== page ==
MBAs Look For High-Paying Jobs In Down Market

MBAs are still getting hired — but the job market is tougher now. Fewer jobs are being offered, signing bonuses have shrunk and students who've taken on a lot of debt to get their degrees are getting nervous.

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And with all that turmoil on Wall Street, these are trying times for graduates of business school, graduates who might be looking for work. Hiring hasn't come to a complete halt, but it's a tight market for graduates who used to have their pick of high-paying jobs. From Seattle, NPR's Wendy Kaufman reports.

KAUFMAN: MBA students at the University of Washington's Foster School know their timing isn't great. Trying to land a high-paying job in a down economy isn't the easiest thing to do. Nate Solstrum(ph) is 29. He used to tour with a band and did a stint in finance before going back to graduate school.

Mr. NATE SOLSTRUM (MBA Student): One of the things I found that's challenging about remaining optimistic is that it's difficult to open the Economist or the New York Times without seeing doom-and-gloom headlines about the job market. That kind of weighs down on your optimism.

KAUFMAN: Also weighing on Solstrum's mind is the competition he'll face from experienced MBAs who've been laid off. He recently lost out on a mid-level job that went to a former chief financial officer. What's more, as fellow student Chris Comer(ph) has seen, many companies are unsure about their hiring plans.

Mr. CHRIS COMER (MBA Student): There have been some companies that have come on campus, conducted interviews, and then instead of calling people back for a second interviews say that the budgets are frozen and they're not hiring.

KAUFMAN: Students are understandably nervous because many took out sizable student loans with the expectation their degree would bring them a top salary. But Paula Klempay, director of the MBA career center at the University of Washington, tries to look on the bright side. Yes, she says, the market is tighter. But just how tight, we don't really know. Still, she says, businesses are still looking for students with the skills that come with an MBA.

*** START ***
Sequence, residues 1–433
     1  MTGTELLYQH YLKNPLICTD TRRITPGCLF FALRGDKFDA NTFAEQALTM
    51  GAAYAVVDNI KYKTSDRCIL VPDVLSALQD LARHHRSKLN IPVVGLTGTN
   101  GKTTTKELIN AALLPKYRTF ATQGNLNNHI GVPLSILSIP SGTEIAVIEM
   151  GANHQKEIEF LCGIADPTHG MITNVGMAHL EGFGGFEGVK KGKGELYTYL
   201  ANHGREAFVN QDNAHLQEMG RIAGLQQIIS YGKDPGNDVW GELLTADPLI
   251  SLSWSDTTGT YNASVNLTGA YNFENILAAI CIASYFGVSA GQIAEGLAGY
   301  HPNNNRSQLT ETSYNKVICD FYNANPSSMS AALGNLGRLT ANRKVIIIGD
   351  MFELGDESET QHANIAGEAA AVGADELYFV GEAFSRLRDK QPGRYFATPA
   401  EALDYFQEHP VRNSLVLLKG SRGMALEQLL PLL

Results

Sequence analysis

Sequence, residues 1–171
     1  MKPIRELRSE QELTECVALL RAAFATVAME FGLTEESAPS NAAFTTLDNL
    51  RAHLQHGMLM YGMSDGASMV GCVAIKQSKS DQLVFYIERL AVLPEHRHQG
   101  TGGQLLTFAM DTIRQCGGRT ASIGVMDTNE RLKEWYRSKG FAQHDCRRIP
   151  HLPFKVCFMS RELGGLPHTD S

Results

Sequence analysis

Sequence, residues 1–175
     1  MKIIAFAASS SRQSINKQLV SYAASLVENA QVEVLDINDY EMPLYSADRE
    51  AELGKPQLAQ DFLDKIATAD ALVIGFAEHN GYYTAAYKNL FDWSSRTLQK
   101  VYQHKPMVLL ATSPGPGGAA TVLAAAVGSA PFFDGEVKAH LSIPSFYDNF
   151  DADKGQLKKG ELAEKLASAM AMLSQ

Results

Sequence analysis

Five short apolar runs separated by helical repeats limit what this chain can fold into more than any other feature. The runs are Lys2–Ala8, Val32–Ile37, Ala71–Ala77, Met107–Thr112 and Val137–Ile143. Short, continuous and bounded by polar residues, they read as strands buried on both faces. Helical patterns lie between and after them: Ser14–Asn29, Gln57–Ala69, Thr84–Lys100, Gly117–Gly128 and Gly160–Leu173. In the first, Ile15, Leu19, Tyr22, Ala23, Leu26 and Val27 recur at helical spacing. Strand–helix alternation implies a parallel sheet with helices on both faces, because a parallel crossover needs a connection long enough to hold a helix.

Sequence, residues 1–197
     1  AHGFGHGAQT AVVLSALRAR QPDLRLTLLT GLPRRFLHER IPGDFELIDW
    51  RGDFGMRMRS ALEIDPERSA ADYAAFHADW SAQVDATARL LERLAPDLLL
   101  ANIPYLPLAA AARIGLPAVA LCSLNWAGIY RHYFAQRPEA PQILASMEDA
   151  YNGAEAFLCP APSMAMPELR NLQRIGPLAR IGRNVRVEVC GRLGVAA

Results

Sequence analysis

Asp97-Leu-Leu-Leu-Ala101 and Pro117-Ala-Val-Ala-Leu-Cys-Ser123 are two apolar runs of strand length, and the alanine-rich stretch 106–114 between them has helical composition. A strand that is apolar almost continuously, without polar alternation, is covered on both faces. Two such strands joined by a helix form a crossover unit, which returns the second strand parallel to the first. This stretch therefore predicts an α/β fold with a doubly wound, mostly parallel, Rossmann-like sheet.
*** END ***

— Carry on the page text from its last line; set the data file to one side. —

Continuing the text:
Ms. PAULA KLEMPAY (Director, MBA Career Services, University of Washington): It's very quantitative, it's analytical, it's strategic, and they still need that. They need it now more than ever.

KAUFMAN: To make her point, we take a short walk to the giant bulletin board outside her office. She points to the full-time jobs that have been offered and accepted.

Ms. KLEMPAY: This is one of our Microsofts. We've got a number of other students in play at Microsoft right now. This was Intel. This is Amazon. This gentleman has gone to Scotia Capital. We've got a couple in consulting.

KAUFMAN: But there's no denying there are fewer job offers being made. MBA candidates have fewer offers to choose from. And, says Chris Comer...

Mr. COMER: More and more, I think, we're lowering those expectations of signing bonuses.

KAUFMAN: Signing bonuses have been a mainstay for top MBA hires. The biggest bonuses, sometimes as much as $50,000, came from Wall Street. That put pressure on other employers to offer them as well. But now, with a number of Wall Street firms out of business and others in serious trouble, many bonuses are shrinking. Still, Professor Peter Cappelli of the Wharton School suggests that things are not as bleak as you might expect. He says beyond the skills that MBAs bring, banks, consulting firms, and others are making a strategic bet. By hiring now, they keep the pipeline of new talent flowing.

Professor PETER CAPPELLI (Management, Wharton School of Business): In 2001, when the economy went south, the consulting firms, and to some extent the banks as well, stopped hiring quite dramatically. And they discovered a couple of years later that, you know, they didn't have any third-year associates to supervise and help teach the first-year people coming in, and it messed up the way their work was organized. So I think they more or less concluded after that that they were going to try to do what they could to avoid repeating that situation in the future.

KAUFMAN: MBA candidate Comer says he's heard from some regional consulting firms that they expect more business as companies that need the skills of MBAs but don't want to hire full-time staff turn to them. Comer, whose background is in media buying and online advertising, says he hopes to land a job that he's excited about within a couple of months. If not, he has a plan.

Mr. COMER: In the worst-case scenario, I wait it out. I'm expecting my first baby in about four weeks, and so either I get a job that pays me more than it would cost for daycare, or I become Mr. Mom for a few months.

KAUFMAN: Win-win, he calls it, pausing for a moment to add, provided my wife still has her job. Wendy Kaufman, NPR News, Seattle.

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